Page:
All Initiatives

A.G. File No. 2023-035

February 6, 2024


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Pursuant to Elections Code Section 9005, we have reviewed the proposed statutory initiative related to social media platforms (A.G. File No. 23-0035, Amendment #1).


Social Media Platforms. A social media platform is generally defined as an internet-based application or service that allows users to connect and interact with each other on the platform. Users connect and interact on the platform by, for example, posting content or sending messages using one or more of its features. To create a user account, social media platforms often require users to be 13 years of age or older. Social media platforms differ in their scale and value, with some large platforms hosting billions of users and generating billions of dollars in revenue.

Statutory Duty of Care and Responsibility for Injury. State law establishes for everyone, including individuals, businesses, and other entities, a duty of “ordinary care and skill” in the “management” of their “property or person.” A party that violates its duty of care, accidentally or intentionally, is responsible for any resulting injury to another party. The injured party can file a civil case to seek remedies, such as compensatory damages, from the party that violated its duty of care. Civil cases filed by injured parties against social media platforms for alleged violations of duty of care are fairly new. Court interpretations of and rulings on the statutory duty of care and responsibility within this context, therefore, continue to evolve.

Civil Cases. Civil cases are noncriminal lawsuits filed in court and typically involve disputes between private parties where one or multiple parties are seeking compensation from another party or parties. Civil cases are generally resolved by (1) dismissal of the case prior to trial, (2) settlement prior to trial, or (3) judge or jury trial. An example of a civil case is a tort claim, in which parties allege another party accidentally or intentionally violated a duty of care owed to them, causing them to suffer an injury. Tort claims can be individual claims or class-action claims in which lawsuits represent the interests of a group of individuals. State law, along with court rules, specify the rules and processes that must be followed in civil cases. Such rules and processes can differ based on various factors—including the complexity of the case, the action being sought from the court, and the specifics of the claim itself.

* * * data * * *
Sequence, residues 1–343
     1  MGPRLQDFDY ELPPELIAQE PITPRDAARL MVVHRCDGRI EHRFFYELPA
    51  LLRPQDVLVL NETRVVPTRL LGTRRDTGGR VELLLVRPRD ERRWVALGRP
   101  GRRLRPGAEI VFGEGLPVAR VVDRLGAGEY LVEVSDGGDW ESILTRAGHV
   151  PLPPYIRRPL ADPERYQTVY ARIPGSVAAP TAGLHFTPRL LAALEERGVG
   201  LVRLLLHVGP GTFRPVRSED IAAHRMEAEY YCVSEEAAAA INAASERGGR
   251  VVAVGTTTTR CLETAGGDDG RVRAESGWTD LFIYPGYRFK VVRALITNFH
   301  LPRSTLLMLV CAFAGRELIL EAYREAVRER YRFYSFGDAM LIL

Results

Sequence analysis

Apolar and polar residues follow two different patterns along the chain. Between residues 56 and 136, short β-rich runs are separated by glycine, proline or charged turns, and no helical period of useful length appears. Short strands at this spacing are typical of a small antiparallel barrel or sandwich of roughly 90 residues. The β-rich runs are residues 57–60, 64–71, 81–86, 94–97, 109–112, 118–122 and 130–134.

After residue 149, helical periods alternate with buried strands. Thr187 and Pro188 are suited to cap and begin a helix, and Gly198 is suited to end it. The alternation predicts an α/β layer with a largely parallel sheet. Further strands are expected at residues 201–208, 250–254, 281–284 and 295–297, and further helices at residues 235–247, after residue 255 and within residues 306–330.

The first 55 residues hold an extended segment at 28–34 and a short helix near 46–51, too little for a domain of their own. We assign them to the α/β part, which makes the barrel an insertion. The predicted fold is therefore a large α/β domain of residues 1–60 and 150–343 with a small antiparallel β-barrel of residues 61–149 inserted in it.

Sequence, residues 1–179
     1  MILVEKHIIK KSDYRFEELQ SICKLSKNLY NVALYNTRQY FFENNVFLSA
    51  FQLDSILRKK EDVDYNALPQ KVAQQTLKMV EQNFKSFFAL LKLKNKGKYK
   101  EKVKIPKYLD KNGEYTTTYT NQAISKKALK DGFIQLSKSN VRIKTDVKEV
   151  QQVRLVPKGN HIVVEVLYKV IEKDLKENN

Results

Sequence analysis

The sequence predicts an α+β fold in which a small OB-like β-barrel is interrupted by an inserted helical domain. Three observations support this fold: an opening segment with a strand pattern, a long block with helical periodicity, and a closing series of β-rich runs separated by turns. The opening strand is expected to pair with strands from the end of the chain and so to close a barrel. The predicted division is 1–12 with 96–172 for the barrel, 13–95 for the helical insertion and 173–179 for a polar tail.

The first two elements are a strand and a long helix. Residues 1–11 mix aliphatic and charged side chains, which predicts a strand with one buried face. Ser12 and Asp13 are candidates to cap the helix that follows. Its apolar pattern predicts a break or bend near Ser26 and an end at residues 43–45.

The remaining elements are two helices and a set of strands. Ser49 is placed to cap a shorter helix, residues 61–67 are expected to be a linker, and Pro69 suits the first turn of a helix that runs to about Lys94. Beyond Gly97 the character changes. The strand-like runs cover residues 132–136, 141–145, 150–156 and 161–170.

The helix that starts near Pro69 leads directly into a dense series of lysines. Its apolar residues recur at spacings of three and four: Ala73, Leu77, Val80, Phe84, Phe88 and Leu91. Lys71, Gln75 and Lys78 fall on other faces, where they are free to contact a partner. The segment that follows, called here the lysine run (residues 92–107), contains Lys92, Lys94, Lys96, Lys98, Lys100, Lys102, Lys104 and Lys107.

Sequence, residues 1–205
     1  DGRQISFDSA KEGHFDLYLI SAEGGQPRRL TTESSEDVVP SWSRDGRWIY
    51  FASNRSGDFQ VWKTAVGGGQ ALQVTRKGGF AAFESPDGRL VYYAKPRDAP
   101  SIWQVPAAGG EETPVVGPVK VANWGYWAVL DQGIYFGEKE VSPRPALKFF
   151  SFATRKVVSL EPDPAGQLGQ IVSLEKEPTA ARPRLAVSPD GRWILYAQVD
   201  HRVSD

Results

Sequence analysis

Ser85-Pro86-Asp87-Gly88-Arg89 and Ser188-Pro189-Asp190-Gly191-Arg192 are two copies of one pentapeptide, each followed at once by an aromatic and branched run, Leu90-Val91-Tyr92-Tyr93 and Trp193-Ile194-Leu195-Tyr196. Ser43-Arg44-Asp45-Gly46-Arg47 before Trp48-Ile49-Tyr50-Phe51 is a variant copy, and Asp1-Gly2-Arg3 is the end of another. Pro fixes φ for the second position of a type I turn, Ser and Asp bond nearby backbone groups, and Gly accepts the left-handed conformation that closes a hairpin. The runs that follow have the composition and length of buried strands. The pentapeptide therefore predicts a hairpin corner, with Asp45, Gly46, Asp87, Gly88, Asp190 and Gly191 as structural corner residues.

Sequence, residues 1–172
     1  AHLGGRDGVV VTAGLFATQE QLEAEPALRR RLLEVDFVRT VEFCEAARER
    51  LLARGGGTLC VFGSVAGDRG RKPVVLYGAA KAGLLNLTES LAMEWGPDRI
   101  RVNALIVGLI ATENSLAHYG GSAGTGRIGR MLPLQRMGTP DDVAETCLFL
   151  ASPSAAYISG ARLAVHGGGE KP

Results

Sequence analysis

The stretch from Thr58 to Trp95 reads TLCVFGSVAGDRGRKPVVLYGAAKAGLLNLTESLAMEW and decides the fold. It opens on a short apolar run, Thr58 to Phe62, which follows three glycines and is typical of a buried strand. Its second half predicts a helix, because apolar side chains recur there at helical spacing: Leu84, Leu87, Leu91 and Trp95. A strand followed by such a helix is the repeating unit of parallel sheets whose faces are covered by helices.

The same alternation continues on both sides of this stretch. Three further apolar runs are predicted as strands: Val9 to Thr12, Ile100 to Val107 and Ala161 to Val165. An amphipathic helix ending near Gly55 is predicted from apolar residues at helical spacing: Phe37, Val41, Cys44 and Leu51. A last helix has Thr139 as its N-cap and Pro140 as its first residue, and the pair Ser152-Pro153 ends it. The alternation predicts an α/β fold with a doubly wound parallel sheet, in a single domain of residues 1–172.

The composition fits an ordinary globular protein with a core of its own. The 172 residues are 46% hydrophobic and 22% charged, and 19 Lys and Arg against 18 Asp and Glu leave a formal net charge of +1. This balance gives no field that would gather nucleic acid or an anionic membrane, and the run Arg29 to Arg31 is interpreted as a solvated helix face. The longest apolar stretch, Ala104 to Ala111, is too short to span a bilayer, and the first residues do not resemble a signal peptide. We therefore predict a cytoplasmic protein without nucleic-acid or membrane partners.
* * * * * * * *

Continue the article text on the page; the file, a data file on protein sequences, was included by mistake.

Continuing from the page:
Specifies Damages for Certain Civil Cases Against Social Media Platforms. The measure specifies damages for civil cases brought against social media platforms for violations of their duty of care, as defined in state law, and injury to children under 18 years of age. Social media platforms could be held liable for damages of (1) $5,000 per violation, up to a maximum of $1 million per child, or (2) three times the amount of the child’s actual damages. These damages are cumulative of any other available remedies that might be sought under existing law.

Applies to Social Media Platforms Above a Certain Revenue Threshold. While the definition of social media platform provided in the measure references a definition that is in current state law, the measure applies only to those social media platforms that generate more than $100 million in gross annual revenues. Therefore, the damages for civil cases that are specified in the measure apply to a subset of social media platforms.

Fiscal Effects

The fiscal effects associated with this measure, described below, are subject to uncertainty. This is because they would depend primarily on how the measure is legally interpreted, how many and what type of civil cases are filed in state courts, the outcomes of those cases, and how the social media platforms covered by the measure would respond.

State Court Costs. This measure likely would increase state court costs and workload from additional civil cases being filed in state courts against social media platforms. The magnitude of this increase in state court costs and workload, however, could depend on several factors. A number of cases could be dismissed or settled prior to trial, leaving a smaller number of cases to continue to a court or jury trial. Some cases also might be consolidated by state courts. Additionally, a number of these cases could be complex and fact-intensive, requiring additional court resources and time. Therefore, while the exact amount of additional state court costs and workload would depend on the type and volume of civil cases filed, the increase in state costs would likely be in the millions of dollars.

Other Fiscal Effects. This measure could result in other fiscal impacts. For example, social media platforms, some of which are based in California, could take various actions in response to the measure. In addition to filing lawsuits seeking to challenge the measure, at least some social media platforms could take actions to limit the use of their platforms by users under 18 years of age in an effort to reduce the risk of being found liable for damages under the measure. How these actions could impact the revenues of social media platforms, and whether these revenue impacts would impact state and local tax revenue, is uncertain.

Summary of Fiscal Effects. We estimate that this measure would have the following major fiscal effects:

  • Increased state court costs likely in the millions of dollars depending on the type and volume of additional civil cases filed in state courts and how they are resolved.
  • Uncertain impact on state and local tax revenue that would depend primarily on how social media platforms respond to the measure.